California county task force to fine residents for mask violations, but some criminal activities overlooked

November 20, 2020 

One county in California is getting serious about its mask mandate as COVID-19 cases climb, but local leaders have decided to let some other criminal infractions go.

Contra Costa County has created a task force to help ensure that local residents and businesses are adhering to social distancing and mask guidelines designed to curb the spread of the virus.

Fines are on the table for people and establishments found to be violating health orders, though generally warnings are issued first.

Scott Alonso, a spokesperson for the Contra Costa County District Attorney's Office, told Fox News that those fines begin at $100 for individuals and increase per infraction to a maximum of $500.

For businesses, fines start at $250 and increase to a maximum of $1,000. He likened the policy to doling out traffic tickets and said it is an alternative to prosecution.

Alonso added, however, that the agencies involved are not necessarily going out and looking for violations, but instead investigate what is referred through a complaint process.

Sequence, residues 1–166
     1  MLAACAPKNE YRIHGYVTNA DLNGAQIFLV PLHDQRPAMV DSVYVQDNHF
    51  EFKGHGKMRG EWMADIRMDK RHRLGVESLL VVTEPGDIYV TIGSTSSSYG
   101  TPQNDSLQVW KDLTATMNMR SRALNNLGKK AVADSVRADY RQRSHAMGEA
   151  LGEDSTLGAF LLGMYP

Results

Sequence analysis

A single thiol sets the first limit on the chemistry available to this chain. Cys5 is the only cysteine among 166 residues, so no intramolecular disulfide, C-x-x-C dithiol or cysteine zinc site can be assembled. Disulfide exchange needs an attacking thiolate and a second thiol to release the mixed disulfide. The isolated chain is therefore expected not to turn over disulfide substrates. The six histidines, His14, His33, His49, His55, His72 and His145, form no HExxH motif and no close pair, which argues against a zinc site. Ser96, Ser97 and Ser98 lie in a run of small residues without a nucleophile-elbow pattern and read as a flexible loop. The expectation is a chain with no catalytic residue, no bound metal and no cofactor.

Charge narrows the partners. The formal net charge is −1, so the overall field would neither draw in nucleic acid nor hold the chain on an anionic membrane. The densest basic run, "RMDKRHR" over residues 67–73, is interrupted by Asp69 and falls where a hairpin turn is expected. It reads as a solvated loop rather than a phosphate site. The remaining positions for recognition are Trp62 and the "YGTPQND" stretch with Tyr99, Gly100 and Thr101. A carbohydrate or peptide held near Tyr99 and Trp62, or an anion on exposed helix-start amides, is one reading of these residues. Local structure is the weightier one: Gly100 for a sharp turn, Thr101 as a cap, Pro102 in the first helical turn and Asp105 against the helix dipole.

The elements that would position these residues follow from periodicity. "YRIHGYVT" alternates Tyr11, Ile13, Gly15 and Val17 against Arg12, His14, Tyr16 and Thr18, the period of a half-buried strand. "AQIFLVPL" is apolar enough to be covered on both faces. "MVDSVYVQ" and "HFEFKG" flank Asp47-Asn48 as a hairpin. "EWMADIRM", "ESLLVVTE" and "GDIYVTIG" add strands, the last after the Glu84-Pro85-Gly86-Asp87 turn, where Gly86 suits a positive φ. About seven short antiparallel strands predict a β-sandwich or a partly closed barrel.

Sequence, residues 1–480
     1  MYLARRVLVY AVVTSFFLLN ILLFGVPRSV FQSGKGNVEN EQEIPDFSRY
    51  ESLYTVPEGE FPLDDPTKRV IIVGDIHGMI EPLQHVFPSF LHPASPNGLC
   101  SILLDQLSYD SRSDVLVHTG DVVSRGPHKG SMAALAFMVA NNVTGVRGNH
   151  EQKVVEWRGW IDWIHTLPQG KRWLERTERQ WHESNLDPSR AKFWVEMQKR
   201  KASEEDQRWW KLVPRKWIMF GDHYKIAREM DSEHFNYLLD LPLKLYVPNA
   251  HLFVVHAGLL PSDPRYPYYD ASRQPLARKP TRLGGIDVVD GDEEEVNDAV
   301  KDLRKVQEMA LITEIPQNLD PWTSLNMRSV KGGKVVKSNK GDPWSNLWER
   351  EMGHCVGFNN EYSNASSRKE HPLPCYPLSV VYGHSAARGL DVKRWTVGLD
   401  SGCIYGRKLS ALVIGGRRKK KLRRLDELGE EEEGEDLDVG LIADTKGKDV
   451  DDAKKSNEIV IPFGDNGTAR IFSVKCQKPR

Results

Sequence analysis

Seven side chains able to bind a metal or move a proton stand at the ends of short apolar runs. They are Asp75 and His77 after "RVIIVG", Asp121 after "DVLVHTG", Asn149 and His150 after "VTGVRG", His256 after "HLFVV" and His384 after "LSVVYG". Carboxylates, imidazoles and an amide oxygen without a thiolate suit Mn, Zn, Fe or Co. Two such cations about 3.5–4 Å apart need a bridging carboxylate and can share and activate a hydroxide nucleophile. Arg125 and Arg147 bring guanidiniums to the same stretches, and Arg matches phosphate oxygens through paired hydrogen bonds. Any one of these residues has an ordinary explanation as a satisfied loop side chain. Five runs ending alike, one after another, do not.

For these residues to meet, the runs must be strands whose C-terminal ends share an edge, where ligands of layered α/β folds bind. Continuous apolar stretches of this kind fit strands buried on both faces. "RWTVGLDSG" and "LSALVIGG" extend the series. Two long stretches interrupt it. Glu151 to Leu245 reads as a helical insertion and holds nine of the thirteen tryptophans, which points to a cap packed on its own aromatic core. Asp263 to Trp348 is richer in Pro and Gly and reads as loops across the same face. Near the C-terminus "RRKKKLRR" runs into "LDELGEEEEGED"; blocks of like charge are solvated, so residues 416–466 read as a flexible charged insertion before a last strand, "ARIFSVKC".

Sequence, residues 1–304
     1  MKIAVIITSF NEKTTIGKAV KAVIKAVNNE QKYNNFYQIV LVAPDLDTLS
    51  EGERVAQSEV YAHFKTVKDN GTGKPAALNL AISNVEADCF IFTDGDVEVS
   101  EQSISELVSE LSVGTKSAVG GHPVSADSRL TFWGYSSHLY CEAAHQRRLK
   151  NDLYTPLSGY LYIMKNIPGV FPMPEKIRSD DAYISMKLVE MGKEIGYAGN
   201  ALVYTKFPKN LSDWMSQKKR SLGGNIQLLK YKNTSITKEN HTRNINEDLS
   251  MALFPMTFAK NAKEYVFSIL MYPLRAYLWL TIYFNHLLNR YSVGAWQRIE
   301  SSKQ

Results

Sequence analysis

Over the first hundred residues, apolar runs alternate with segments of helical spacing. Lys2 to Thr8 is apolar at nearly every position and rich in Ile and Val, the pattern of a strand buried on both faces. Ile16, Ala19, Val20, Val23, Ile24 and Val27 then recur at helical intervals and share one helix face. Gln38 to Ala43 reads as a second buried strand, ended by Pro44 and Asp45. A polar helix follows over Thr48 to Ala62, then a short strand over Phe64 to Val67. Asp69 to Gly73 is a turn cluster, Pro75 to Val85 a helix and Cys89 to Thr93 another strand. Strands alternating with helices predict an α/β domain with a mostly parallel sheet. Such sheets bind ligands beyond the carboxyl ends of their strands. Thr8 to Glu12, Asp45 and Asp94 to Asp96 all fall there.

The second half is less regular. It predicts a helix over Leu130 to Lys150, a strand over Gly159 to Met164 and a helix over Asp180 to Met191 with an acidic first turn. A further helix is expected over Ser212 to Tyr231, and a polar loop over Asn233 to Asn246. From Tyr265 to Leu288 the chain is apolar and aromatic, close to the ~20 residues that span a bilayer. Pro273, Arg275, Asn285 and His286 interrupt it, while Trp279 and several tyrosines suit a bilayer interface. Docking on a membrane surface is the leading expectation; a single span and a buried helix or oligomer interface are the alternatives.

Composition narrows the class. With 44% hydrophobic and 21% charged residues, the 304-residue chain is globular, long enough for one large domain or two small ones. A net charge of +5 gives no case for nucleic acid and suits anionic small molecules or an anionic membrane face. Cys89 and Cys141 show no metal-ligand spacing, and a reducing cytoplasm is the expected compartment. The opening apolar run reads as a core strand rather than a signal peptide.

Alonso told Fox News that about 900 complaints have been called in since March - including around 100 in the last several weeks. Most complaints pertain to businesses not asking patrons or staffers to put on masks.

He is not aware of any instances where the DA's office - or any county entity - has issued a fine, but cities within the county have jurisdiction to do so, as well.

SHERIFFS NOT ENFORCING NEWSOM'S CORONAVIRUS CURFEW, WON'T 'MAKE CRIMINALS' OF LAW-ABIDING CITIZENS

While penalties are possible for those who do not follow health-related guidance, the county will not prosecute first-time offenders caught with small amount of drugs or other non-violent offenses, like petty theft.

In September, the DA's office announced that the policy - which began as a pilot - would become official and would no longer file charges in some instances where low-level misdemeanors are involved, including theft under $300, shoplifting, disorderly conduct and low net weight cases of controlled substances, among others.

The idea is to divert low-level recreational users out of the criminal justice system and potentially into the healthcare system.

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Meanwhile, California Gov. Gavin Newsom found himself under fire after attending a dinner hosted by a lobbyist at an expensive restaurant, where attendees were seen indoors, without masks - in violation of Newsom's own state orders.

The Democratic governor has since apologized for his actions, which came as the state experiences the most severe uptick in infections since the start of the pandemic earlier this year.

And Newsom is receiving pushback on some of his requirements - at least one local law enforcement official has said she would not penalize residents don't follow the state-mandated curfew.

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